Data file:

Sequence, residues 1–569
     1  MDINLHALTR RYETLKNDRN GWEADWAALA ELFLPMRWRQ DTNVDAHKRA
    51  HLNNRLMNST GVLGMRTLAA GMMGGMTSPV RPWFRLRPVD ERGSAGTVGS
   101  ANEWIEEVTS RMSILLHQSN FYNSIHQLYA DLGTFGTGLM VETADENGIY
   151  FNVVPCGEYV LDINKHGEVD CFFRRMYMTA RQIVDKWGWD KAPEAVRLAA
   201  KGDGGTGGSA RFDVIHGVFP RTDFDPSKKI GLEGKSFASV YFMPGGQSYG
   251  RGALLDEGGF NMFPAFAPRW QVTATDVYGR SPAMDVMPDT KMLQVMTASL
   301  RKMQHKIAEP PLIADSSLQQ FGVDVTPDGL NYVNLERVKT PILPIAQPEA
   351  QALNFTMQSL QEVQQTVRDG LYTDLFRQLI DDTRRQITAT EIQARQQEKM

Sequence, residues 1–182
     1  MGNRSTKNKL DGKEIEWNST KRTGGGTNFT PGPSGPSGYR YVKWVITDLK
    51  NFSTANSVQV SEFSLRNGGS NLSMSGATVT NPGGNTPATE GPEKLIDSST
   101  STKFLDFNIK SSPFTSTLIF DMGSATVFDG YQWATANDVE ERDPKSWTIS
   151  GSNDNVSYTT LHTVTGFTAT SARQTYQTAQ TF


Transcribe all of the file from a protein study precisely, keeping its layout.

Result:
Sequence, residues 1–569
     1  MDINLHALTR RYETLKNDRN GWEADWAALA ELFLPMRWRQ DTNVDAHKRA
    51  HLNNRLMNST GVLGMRTLAA GMMGGMTSPV RPWFRLRPVD ERGSAGTVGS
   101  ANEWIEEVTS RMSILLHQSN FYNSIHQLYA DLGTFGTGLM VETADENGIY
   151  FNVVPCGEYV LDINKHGEVD CFFRRMYMTA RQIVDKWGWD KAPEAVRLAA
   201  KGDGGTGGSA RFDVIHGVFP RTDFDPSKKI GLEGKSFASV YFMPGGQSYG
   251  RGALLDEGGF NMFPAFAPRW QVTATDVYGR SPAMDVMPDT KMLQVMTASL
   301  RKMQHKIAEP PLIADSSLQQ FGVDVTPDGL NYVNLERVKT PILPIAQPEA
   351  QALNFTMQSL QEVQQTVRDG LYTDLFRQLI DDTRRQITAT EIQARQQEKM

Sequence, residues 1–182
     1  MGNRSTKNKL DGKEIEWNST KRTGGGTNFT PGPSGPSGYR YVKWVITDLK
    51  NFSTANSVQV SEFSLRNGGS NLSMSGATVT NPGGNTPATE GPEKLIDSST
   101  STKFLDFNIK SSPFTSTLIF DMGSATVFDG YQWATANDVE ERDPKSWTIS
   151  GSNDNVSYTT LHTVTGFTAT SARQTYQTAQ TF